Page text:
New York, July 25, 2014—The laws of Idaho and several other western states impose a constitutionally impermissible burden on lesbians and gay men who seek to exercise their fundamental right to marry their chosen partner and have that marriage recognized, Columbia Law School’s Sexuality and Gender Law Clinic argues in an amicus brief filed today with the U.S. Court of Appeals for the 9th Circuit.
The clinic’s brief, authored by Columbia Law School Professor Suzanne B. Goldberg, is filed in the case of four same-sex couples in Idaho challenging a state constitutional amendment limiting marriage to different-sex couples. Goldberg argues that the U.S. Constitution’s due process guarantee has long been understood to protect against government interference in fundamental personal decision making, including the choice of one’s spouse.
“Idaho, along with the other states in the Ninth Circuit, has an extensive domestic relations framework that generally takes pains to avoid restrictions on individuals’ ability to marry the person of their choice,” writes Goldberg, director of the Sexuality and Gender Law Clinic. “Matters stand otherwise with respect to individuals who would choose a spouse of the same sex in Idaho, as well as several of the other states in this Circuit, including Alaska, Arizona, Montana and Nevada. Freedom of choice is absent here.”
Goldberg’s clinic, founded in 2006, has extensive expertise in constitutional doctrine related to marriage and family recognition and has filed similar briefs in marriage equality cases across the country. Goldberg was co-counsel for plaintiffs in Lawrence v. Texas and Romer v. Evans, two U.S. Supreme Court cases that struck down a criminal statute punishing same-sex couples’ sexual intimacy and a law blocking antidiscrimination protections for gay people, respectively.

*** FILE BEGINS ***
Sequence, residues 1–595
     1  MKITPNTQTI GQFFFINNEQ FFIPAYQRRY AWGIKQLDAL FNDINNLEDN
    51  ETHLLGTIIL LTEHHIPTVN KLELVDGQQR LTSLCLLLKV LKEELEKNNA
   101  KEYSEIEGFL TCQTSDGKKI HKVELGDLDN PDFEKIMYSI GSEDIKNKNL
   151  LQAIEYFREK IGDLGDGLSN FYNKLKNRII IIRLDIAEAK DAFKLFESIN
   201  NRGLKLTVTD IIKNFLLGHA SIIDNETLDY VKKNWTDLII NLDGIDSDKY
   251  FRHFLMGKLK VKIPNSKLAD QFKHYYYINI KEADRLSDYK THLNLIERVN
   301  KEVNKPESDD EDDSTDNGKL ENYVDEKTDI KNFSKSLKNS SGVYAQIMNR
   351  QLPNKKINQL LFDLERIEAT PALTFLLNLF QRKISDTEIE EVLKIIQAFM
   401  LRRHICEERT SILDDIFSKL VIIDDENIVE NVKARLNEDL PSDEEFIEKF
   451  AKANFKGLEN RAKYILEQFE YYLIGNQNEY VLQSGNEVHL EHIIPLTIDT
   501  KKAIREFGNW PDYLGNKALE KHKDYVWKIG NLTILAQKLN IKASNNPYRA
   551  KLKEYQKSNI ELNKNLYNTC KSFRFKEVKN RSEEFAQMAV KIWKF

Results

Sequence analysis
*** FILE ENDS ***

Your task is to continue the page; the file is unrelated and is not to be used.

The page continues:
“Idaho is one of fourteen states where a marriage law was struck down by a district court for violating individuals’ freedom to marry and is now on appeal,” said Goldberg. “It is striking to see that states barely restrict marital choices – even minimum age rules can be waived – but forbid individuals from marrying a same-sex partner. This appeal is part of a broader wave of efforts across the country to secure full marriage equality for same-sex couples.”
Oral argument in the case is scheduled for September 8, 2014 at the Ninth Circuit’s courthouse in San Francisco.
Columbia Law School Sexuality and Gender Law Clinic student Helen Ethridge ’15 assisted with research for and preparation of the brief.
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